George Sorial, who oversaw the US president’s firm’s controversial expansion into Scotland, also dismissed Scottish Government officials as “stupid,” and mocked the mounting costs behind the Scottish Parliament building, claiming it demonstrated “what kind of grasp on reality some of the politicians in that country have.”
The extraordinary broadside against Scotland’s political class and establishments comes in a new book, co-authored by Mr Sorial, in which he rails in detail against the country’s “antiquated” planning system.
It comes at the Trump Organisation is seeking planning approval from Aberdeenshire Council for a major expansion of its lossmaking Trump International Golf Links resort, near Balmedie.
The book, ‘The Real Deal: My Decade Fighting Battles and Winning Wars with Trump’, presents an insider’s account of Mr Sorial’s 12 years working under Mr Trump, who is billed in flattering terms throughout.
Only yesterday, the 72-year-old recommended the publication to his 61 million Twitter followers, describing it as a “really wonderful” book written by “two people who are very smart and know me well.”
Mr Sorial’s co-author is Damian Bates, a former editor of Scotland’s Press & Journal newspaper turned public affairs executive and lobbyist, who in 2013 married Sarah Malone, the executive vice-president of Trump International Golf Links.
Both men have been promoting the book on social media, with Mr Bates posting a photograph of himself standing alongside Mr Trump in the Oval Office. Another picture uploaded to his Linkedin account sees him standing next to Boris Johnson in a post which features an endorsement from the Tory leadership contender.
Several of the book’s chapters are focused on Mr Trump’s dealings in Scotland. However, it is the resumption of hostilities against Mr Salmond that will likely generate the most interest this side of the Atlantic, with Mr Sorial penning a scathing account of the first meeting between the two men in New York.
The tension was not over the finer points of Mr Trump’s fledgling golf resort, or the Scottish Government’s renewable energy commitments, but rather a clash of culinary cultures regarding the venue for their dinner.
According to Mr Sorial, Mr Trump wanted to meet at a “regular” restaurant, only for Scottish officials to make “ridiculous” calls and book an upmarket eatery.
Mr Sorial recalls: “They chose a high-end French restaurant, and there was not a word of English on the menu. It was so fussy, and I remember sitting there thinking, ‘Oh my God, what have they done here?’ All Trump said after studying the menu was, ‘All I want is a shrimp cocktail and a steak’.”
Mr Sorial, who also served as chief compliance counsel at the Trump Organisation until parting ways with the firm this month, also hit out at the “antiquated and parochial Scottish planning system,” which was “not the most welcoming to developers from the other side of the Atlantic.”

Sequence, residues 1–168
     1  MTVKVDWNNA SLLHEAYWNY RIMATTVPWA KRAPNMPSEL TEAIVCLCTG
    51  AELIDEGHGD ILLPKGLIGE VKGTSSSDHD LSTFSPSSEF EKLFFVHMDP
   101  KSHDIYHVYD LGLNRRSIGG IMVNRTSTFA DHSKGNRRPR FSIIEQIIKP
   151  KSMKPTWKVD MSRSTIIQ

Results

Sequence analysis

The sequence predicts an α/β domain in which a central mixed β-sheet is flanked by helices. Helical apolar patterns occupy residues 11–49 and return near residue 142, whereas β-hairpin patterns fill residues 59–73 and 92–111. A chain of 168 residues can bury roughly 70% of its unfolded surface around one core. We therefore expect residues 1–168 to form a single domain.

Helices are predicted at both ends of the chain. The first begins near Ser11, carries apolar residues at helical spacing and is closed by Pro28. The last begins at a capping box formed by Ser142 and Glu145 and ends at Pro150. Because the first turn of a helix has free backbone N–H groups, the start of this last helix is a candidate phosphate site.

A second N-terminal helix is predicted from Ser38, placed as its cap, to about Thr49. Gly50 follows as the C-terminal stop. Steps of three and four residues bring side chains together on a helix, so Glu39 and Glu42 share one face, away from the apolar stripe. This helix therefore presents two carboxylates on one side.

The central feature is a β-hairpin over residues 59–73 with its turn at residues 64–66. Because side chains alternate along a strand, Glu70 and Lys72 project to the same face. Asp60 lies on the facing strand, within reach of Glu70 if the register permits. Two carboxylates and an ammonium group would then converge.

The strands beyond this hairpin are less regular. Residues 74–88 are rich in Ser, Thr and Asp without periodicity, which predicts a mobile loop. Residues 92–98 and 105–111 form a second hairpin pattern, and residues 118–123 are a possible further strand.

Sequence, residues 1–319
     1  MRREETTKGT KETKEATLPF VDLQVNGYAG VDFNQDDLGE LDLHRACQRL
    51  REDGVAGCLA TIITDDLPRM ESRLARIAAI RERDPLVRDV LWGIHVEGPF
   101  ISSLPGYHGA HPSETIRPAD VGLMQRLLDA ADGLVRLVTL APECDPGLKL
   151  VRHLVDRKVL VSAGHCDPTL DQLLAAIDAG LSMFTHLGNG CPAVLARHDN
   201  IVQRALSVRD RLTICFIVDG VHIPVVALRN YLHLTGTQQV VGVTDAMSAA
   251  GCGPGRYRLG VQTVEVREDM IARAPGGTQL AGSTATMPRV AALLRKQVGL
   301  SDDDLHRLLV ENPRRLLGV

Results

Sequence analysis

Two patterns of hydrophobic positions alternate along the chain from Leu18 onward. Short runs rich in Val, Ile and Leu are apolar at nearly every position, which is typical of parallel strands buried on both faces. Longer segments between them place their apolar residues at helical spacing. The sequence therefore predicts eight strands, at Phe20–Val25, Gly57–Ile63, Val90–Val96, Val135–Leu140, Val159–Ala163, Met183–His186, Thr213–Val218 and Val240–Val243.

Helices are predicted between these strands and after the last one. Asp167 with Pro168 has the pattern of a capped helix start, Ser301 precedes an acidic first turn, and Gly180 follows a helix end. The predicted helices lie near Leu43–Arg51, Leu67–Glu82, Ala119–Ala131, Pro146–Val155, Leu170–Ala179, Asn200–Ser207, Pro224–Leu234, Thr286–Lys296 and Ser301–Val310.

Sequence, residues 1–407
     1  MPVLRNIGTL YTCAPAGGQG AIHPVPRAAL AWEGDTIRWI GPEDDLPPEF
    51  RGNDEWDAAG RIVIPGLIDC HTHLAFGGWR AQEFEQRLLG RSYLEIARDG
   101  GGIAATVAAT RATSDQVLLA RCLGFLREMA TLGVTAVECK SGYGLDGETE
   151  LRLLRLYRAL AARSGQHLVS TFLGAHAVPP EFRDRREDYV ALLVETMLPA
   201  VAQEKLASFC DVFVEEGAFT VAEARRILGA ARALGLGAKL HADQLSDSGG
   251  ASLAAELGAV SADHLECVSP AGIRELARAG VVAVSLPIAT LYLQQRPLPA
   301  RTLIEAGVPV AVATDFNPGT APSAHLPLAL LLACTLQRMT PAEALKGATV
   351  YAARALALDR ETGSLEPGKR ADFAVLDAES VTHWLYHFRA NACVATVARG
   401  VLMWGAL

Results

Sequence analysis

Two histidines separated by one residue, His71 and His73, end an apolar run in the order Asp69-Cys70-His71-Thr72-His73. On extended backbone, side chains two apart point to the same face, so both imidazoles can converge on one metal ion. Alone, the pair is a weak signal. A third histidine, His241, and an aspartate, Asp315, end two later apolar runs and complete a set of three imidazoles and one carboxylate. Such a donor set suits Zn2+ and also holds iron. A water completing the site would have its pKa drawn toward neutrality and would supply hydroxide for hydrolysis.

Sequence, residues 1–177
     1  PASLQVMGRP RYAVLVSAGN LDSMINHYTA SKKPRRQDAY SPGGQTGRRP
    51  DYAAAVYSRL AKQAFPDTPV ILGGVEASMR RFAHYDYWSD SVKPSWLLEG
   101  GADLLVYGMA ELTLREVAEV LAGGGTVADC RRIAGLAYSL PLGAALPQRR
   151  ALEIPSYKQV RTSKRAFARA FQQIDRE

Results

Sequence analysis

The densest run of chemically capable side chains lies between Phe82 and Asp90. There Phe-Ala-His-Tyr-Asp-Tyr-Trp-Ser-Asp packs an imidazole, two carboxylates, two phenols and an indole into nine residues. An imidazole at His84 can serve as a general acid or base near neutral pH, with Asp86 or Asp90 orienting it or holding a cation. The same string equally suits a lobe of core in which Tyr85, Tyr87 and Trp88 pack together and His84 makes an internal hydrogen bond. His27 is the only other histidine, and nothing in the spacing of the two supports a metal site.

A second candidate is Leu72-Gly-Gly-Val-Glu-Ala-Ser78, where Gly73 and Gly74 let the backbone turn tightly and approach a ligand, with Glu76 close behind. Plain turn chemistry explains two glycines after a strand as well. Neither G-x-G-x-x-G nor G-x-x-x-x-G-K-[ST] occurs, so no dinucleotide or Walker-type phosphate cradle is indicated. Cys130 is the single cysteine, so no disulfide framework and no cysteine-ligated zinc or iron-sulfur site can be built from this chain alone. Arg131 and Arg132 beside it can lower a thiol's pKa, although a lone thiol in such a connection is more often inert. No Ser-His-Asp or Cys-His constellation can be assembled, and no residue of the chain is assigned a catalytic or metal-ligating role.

The book also sees him admit to being “incandescent with rage” after Aberdeenshire Council’s infrastructure committee threw out the plans for Mr Trump’s inaugural Scottish resort in November 2007. The Scottish Government controversially called in the plans and approved them the following year.
The local authority will soon consider plans for second phase of Trump International Golf Links. The Trump Organisation promises to spend £150m building up to 500 homes, as well as a sports centre, town hall, and retail and commercial space. A record number of 21,640 people have objected to the scheme.
Elsewhere in the book, published yesterday by Broadside Books, a conservative-leaning imprint of HarperCollins, part of Rupert Murdoch’s News Corp group, Mr Sorial also lashed out at those critics of Mr Trump who stress he has damaged the Site of Special Scientific Interest (SSSI) his north-east property was partly built on.
A draft site condition and monitoring report prepared by Scottish Natural Heritage in 2016 concluded that “part of the site has been destroyed or damaged by the construction of the golf course on Menie.
However, Mr Sorial wrote: “We have tremendous respect for the environment, but the area we were looking to develop composed less than 5 per cent of the SSSI - and 95 per cent of it remains untouched, despite what the fake news has written or said about it.
“There was an imperceptible environmental sacrifice, but the business benefits more than justified the change.”
He added: “Those dunes stretch for something like nineteen miles, along some of the most rugged and beautiful coastline you’ll ever see. We hardly touched them during construction. We wanted that to be the centrepiece of the site: the beauty that God created.”
The book also describes in detail how Mr Sorial and Mr Bates met several times with Mr Trump at Turnberry and Florida, as well as Washington DC, where the three men dined in the White House’s Blue Room on sea scallops, thyme-brined chicken breast, and honey-glazed puff pastry.